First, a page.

Friday, May 31, 2013

Must Be A Korean Thing

I'm not much of a reblogger, or whatever it is, but I found this amusing, so I thought I'd let it take up some space in the Patch:


Wednesday, May 22, 2013

School Samgyupsal Party

Following my "re-contracting interview" yesterday, the principal informed me there would be a samgyupsal party on the school rooftop at 3:30. Here's the view that greets you:

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Pandora's Garden, the sign says, the name chosen in a student competition. What it is, is a garden tended by the principal and some volunteers, with boxes specified for the various teachers--they are expected to come up to the roof periodically to harvest Nature's Pandora's bounty. Here's my little piece of Earth with a view:

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The occasion for the samgyupsal party was unrelated to my re-contracting interview. It mostly had to do with yesterday being a really nice string day, and the planting boxes starting to bear. The samgyupsal was cooked in regular frying pans instead of griddles that can drain off the oil, so those who cooked needed to soak up grease with paper towels.

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Here's a pic of the scene on the rooftop at Yangmyung Cho. That's the VP poking her face in at right.

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Monday, May 20, 2013


Snapped this on Saturday morning, coming home from teaching my Public Speaking class. Cool.

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Crazy Korean hat in the wild. I have a couple other blog posts of caps in captivity, look here, here and here.

Sunday, May 19, 2013

Recent Reading

  • In the Company of Cheerful Ladies by Alexander McCall Smith - Yet another wistful visit to the Botswana of Mma Precious Ramotswe, proprietor of the No. 1 Ladies Detrctive Agency, and her new husband, Mr JLB Matekoni of Tlokweng Road Speedy Motors. The story told here continues the arc of the lives of the above-mentioned, with interesting, if non-sinister, twists, such as the usurpation of Mr JLB Matekoni's old home as a speakeasy.
  • Cause Celeb by Helen Fielding - A young publicist, spurned by her 'Famous Club" lover, devotes four years of her life to running a refugee camp in a war-torn region of sub-Saharan Africa. An impending crisis magnified by bungled NGO bureaucracies causes her to return to London to ask the celebrities she once for their assistance. At once a piercing indictment of charity "events" and convincing plea for recognition of the troubled political situation that leads again and again to mass starvation in this part of the world.
  • Eleven Days by Donald Harstad - Solid police procedural about a gruesome murder spree with Satanic overtones in a sleepy Iowa backwater. Ex-cop's first novel may have some trite elements, but his believable characters--on both sides of the law--suggest this is a name to watch the publisher's lists for.
  • Bangkok Bob and the Missing Mormon by Stephen Leather - Bob Turtledove is an ex-pat who runs an antique shop in the City of Angels--aka, Krung Thep or Bangkok. Some time ago, he set up a website for his shop with a Q&A section; some requests are easy, some are hard. A Mormon youth has gone missing, around the time of a disastrous bar fire in a seedy district of Bangkok, and the boy's parents plead with Bangkok Bob to find their son. Regular visitors to Thailand will recognize many of the names, places and environments described in the story, and probably decide never to become an English teacher there. Fair enough.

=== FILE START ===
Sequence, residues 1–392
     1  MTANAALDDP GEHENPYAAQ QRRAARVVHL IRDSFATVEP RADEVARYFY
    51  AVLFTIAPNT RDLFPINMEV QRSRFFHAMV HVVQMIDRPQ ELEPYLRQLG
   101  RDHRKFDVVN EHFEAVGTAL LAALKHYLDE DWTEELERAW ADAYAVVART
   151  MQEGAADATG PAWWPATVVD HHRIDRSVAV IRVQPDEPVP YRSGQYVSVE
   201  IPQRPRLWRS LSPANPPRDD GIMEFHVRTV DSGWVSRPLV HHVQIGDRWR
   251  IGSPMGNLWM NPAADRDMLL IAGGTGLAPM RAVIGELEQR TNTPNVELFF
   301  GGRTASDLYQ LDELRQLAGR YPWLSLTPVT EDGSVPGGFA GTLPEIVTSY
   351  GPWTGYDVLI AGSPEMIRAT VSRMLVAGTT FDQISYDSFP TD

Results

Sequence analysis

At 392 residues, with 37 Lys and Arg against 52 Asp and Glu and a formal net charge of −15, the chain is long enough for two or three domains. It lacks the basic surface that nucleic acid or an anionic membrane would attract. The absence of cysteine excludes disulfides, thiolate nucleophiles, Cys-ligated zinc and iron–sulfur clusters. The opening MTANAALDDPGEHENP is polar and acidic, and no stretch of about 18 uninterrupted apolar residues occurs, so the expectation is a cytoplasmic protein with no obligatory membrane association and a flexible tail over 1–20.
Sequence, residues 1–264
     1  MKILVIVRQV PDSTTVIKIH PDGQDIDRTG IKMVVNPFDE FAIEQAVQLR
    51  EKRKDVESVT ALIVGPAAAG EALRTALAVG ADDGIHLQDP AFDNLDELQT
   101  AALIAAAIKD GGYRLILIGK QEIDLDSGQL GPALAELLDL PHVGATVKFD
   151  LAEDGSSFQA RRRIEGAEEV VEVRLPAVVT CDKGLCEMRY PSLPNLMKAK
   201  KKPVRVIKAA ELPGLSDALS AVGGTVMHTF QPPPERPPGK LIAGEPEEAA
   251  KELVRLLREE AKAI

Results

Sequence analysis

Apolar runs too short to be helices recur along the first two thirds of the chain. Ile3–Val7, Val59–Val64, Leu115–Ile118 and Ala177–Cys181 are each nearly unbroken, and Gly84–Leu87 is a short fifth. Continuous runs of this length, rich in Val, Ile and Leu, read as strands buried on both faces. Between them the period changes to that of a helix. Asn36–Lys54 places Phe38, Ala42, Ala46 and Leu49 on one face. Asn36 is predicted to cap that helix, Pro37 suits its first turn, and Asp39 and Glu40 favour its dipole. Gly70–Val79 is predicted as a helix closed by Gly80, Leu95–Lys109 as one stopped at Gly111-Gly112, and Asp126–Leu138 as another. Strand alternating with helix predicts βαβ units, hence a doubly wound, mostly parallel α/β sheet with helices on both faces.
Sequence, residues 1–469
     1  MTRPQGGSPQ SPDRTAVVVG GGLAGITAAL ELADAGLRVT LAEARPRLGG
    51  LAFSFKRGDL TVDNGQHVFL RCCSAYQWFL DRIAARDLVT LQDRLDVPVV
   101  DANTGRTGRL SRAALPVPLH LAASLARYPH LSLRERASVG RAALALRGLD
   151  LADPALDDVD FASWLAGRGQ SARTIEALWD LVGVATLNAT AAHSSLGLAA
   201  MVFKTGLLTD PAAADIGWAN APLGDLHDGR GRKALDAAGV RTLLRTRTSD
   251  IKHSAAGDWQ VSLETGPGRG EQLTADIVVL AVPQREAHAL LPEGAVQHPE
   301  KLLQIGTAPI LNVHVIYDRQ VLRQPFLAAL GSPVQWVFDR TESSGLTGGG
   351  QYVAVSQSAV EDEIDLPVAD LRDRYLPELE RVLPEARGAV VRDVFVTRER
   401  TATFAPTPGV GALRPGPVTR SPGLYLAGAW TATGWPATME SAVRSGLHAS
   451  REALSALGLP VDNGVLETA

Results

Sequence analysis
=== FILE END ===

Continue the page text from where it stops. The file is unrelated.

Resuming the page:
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  • Do Travel Writers Go to Hell? by Thomas Kohnstamm - I never think of a tourist guidebook as a Bible--but if I had, I certainly wouldn't do so after reading this NON-FICTION account of Mr Kohnstamm's sixty-two day stint writing/updating the LP guide for the Brazilian hinterland. A story of drinking, drugs and deceptions, it throws into doubt any single fact you may read in any guidebook ever (except perhaps Arthur Frommer's rather staid tomes). As to the title question, 'Do travel writers go to hell?', I think the answer is that they probably should, but they're so hung over they miss the bus.

Saturday, May 18, 2013

School Sports Day 2013

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We recently had Sports Day at my school, which in the States would doubtless be called "Field Day". Which is what I told the Principal when he asked me if we had anything like this in America. At The Heritage School, it takes up the better part of a week, and is called "Jubilee". At Oak Mountain Academy, it is organized and run by the senior class as their Last Hurrah. The Greeks did it in the nude. Anyway, at Seoul Yangmyeong Elementary School it begins with calisthenics, as seen above. There were flag-waving cheer groups, as seen below:

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Each grade gets a tee-shirt with a specially designed symbol, and classes within the grade compete against each other in one event. By and large, the events were pretty standard. Some classes did a simple foot-race:

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Others did a relay race, cheered on by other classes:

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The sixth grade did a tug-o-war. First, they were marched by their homeroom teachers to their spots along the rope:

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Then they had to pull:

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The second grade event was a new one on me. Each class had a barrel full of bean bags. They had a set amount of time to toss as many bean bags as possible into a suspended basket. I think, though, the construction hat is a bit of Health and Safety Gone Mad.

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For comparison, check out last year's Young-il Sports Day.